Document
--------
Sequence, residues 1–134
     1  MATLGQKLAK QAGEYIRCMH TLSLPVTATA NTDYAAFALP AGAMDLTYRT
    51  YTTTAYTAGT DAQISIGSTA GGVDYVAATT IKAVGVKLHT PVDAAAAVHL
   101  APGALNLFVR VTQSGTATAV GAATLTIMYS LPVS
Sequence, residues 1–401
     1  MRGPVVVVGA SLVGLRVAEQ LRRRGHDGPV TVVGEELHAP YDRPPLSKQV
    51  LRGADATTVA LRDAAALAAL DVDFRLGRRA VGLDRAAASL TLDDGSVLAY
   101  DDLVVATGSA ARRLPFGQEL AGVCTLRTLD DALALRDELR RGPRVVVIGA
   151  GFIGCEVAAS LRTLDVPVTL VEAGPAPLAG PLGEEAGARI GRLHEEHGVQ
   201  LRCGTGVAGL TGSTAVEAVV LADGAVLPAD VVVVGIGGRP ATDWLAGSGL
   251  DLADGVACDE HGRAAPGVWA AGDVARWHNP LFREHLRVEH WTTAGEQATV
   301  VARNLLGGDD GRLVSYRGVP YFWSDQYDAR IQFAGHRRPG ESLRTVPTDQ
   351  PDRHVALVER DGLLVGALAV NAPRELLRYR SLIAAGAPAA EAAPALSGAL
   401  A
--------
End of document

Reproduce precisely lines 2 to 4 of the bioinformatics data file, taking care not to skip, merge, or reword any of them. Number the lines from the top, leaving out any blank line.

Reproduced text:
     1  MATLGQKLAK QAGEYIRCMH TLSLPVTATA NTDYAAFALP AGAMDLTYRT
    51  YTTTAYTAGT DAQISIGSTA GGVDYVAATT IKAVGVKLHT PVDAAAAVHL
   101  APGALNLFVR VTQSGTATAV GAATLTIMYS LPVS